I still remember those quiet afternoons leafing through old copies of National Geographic magazine in the stuffy basement of my grandparents’ house in Maryland. My parents didn’t travel much, but that was the one big trip we made every year. Unlike me, they had a habit of napping after lunch, and I spent that time rummaging through those dusty magazines, engrossed by how mysterious the world had become. Ancient ruins of Angkor Wat, giant statues on Easter Island, modern day tribes in Kurdistan. It was also the first time I saw a picture of Machu Picchu, and I never forgot it.
On a cool misty morning more than two decades later, divorced and searching for a new beginning, I boarded a bus in the rustic hillside town of Aguas Calientes. Tucked away high up in the Peruvian Andes, this backpacker’s refuge was my final stop on a journey that had started two days prior in Gainesville, Florida.
I woke up at 4:30 that morning in my hotel room, adrenaline pumping through my veins. I washed down an ordinary western breakfast with coffee and freshly squeezed orange juice, grabbed my backpack and made my way through narrow cobblestone streets to the bus terminal teaming with wide-eyed tourists. Next to me was a young lady who turned out to be from Poland. She was about my age with brown hair and hazel eyes that evoked a longing hard to put into words. When the bus took off, I asked my Polish neighbor if she was meeting anyone up there. She took a deep breath and replied, “no.”
“This is for me,” she said without further elaboration.
“Is that an English accent I detect?” I later asked.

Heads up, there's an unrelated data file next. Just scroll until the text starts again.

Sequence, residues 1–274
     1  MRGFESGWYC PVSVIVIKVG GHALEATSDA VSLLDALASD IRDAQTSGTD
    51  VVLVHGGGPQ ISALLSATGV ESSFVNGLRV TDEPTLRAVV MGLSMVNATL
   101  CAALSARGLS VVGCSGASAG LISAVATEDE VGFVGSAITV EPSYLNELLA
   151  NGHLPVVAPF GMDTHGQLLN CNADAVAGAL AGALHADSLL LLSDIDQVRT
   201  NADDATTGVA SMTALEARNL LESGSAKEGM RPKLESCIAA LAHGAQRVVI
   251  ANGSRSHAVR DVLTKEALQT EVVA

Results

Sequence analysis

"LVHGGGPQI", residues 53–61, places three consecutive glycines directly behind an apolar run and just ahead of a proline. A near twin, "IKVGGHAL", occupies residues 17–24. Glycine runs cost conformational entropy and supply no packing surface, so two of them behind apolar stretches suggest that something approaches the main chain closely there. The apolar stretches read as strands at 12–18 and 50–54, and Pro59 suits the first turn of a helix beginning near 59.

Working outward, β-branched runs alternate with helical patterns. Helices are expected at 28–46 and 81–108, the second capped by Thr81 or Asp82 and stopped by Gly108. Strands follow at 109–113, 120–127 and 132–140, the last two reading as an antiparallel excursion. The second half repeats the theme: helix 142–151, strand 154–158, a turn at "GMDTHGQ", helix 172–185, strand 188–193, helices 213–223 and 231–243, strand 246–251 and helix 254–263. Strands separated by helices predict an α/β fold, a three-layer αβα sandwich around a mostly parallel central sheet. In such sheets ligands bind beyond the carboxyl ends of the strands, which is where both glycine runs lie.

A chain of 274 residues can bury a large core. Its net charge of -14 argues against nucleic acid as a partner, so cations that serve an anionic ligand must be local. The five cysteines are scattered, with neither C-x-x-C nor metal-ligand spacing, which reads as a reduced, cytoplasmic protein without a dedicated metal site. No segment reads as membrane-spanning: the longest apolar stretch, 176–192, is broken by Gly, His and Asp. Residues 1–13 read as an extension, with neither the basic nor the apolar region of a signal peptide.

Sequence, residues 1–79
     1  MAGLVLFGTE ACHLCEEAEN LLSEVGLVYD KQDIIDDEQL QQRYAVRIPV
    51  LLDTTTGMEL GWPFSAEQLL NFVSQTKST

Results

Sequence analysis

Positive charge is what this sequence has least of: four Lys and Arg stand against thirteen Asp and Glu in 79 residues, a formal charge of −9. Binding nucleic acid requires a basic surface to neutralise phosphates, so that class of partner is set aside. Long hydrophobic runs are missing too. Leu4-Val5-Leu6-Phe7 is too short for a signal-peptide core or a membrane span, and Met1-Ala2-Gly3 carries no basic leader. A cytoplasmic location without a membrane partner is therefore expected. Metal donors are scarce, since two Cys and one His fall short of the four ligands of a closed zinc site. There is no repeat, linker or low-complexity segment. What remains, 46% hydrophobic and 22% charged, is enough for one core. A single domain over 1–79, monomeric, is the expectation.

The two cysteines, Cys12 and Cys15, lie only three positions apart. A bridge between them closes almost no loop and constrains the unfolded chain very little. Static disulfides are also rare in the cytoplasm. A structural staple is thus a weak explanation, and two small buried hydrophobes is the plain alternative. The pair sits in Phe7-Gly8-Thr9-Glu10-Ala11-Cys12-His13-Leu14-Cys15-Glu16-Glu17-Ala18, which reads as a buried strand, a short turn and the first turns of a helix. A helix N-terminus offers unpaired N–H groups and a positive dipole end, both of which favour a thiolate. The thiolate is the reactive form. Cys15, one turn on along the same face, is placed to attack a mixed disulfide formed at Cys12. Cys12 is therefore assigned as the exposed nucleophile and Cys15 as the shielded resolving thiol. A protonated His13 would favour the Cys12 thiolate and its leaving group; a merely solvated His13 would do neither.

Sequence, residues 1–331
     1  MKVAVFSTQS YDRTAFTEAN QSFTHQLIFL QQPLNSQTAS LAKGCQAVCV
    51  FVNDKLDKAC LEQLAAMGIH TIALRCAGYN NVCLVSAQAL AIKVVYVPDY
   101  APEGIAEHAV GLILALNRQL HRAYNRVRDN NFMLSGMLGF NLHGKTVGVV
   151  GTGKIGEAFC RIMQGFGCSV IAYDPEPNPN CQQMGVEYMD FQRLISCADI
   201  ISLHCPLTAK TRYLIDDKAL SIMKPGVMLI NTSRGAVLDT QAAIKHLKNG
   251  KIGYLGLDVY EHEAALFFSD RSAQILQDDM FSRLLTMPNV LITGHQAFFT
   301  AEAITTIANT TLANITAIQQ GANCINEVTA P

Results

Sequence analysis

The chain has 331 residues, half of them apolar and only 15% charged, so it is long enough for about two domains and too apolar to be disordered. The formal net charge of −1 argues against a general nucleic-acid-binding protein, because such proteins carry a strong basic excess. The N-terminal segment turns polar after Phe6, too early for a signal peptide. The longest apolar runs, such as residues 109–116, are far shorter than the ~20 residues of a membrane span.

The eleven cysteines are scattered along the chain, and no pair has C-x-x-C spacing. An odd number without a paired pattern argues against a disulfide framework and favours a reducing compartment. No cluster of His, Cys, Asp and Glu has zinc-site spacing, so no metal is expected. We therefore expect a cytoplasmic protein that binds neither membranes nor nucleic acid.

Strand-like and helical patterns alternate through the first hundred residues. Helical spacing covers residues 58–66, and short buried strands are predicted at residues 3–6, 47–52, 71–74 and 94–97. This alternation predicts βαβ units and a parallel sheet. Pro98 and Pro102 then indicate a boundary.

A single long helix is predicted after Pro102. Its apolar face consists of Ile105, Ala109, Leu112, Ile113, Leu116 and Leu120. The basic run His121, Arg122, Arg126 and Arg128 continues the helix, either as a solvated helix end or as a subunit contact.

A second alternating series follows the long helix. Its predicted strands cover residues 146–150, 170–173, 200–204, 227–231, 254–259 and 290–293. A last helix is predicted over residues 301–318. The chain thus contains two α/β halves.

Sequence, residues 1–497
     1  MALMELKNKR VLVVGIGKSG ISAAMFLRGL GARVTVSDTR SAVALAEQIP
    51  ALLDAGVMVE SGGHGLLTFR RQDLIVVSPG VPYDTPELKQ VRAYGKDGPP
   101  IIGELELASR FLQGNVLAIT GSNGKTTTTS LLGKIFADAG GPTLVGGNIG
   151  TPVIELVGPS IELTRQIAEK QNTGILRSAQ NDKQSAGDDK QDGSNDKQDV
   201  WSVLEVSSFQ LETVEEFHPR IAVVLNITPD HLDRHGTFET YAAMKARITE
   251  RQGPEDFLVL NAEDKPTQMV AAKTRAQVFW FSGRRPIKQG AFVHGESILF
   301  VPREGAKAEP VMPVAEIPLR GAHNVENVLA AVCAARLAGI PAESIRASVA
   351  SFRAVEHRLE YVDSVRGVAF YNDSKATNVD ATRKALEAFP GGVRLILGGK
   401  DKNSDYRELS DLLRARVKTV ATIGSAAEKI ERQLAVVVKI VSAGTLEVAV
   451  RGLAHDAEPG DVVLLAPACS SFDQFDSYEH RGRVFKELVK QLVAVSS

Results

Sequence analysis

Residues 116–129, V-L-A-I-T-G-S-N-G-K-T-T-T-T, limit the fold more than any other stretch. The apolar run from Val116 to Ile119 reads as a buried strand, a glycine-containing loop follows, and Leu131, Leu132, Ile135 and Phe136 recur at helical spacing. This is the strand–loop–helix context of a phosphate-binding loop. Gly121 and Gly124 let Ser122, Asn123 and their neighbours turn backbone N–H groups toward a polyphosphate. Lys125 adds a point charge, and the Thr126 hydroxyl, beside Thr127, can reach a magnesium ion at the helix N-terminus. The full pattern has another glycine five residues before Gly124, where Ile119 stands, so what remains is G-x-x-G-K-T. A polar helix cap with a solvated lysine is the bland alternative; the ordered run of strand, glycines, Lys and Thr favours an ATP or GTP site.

“Well,” she said, smiling. “I lived in England for a few years.”
As the bus looped around the muddy road and we began approaching the clouds, I started to catch glimpses of that picture I saw long ago in my grandparents’ basement, fluttering in and out like a distant hummingbird.
To finally behold Machu Picchu is to approach something magnificently sublime. There are few places in the world where feeling precedes sight itself. From that first observation point, my Polish companion and I gazed into a world that was as foreign as it was familiar. Mist was gently rising over the mountain top, and granite walls still intact five hundred years later shimmered in the morning sun.
As we continued to higher ground, long lines of people were waiting to take selfies. A young couple, lying against a terrace, had their eyes closed. I wanted to ask my new friend what had brought her here, but it felt obtrusive. We eventually lost track of each other, and I made my way up the terraces for a better view.
We ran into each other again on her way back down from the Sun Gate. Her face was beaming with excitement.
“I couldn’t make it all the way,” she exclaimed.
“Maybe I’ll go for it,” I offered.
“Do it for me too,” she said.
An hour later, sweaty and breathless, I finally found the Sun Gate. I was over nine thousand feet high. A cool breeze washed over my damp shirt. In the distance, stood the Sanctuary- ancient, regal, and very much alive. In broken Spanish, I spoke to one of the guides who was kind enough to tell me that the Sun Gate was the original entry point to Machu Picchu. I took a few pictures hoping to run into my friend again, but that was the last time I saw her.
On the bus ride back that night, I sat next to an Italian couple and a young lady from Canada with close cropped hair who later shared that she had gotten over a serious bout of cancer and now cherished each day as though it was a gift. We told each other stories and laughed at our cultural stereotypes.
After we parted ways, as I walked back to my hotel room with only the moonlight as my guide, I thought of our Inca forebears, and how little they truly knew centuries ago of what they had gifted us that day, even for my Polish friend.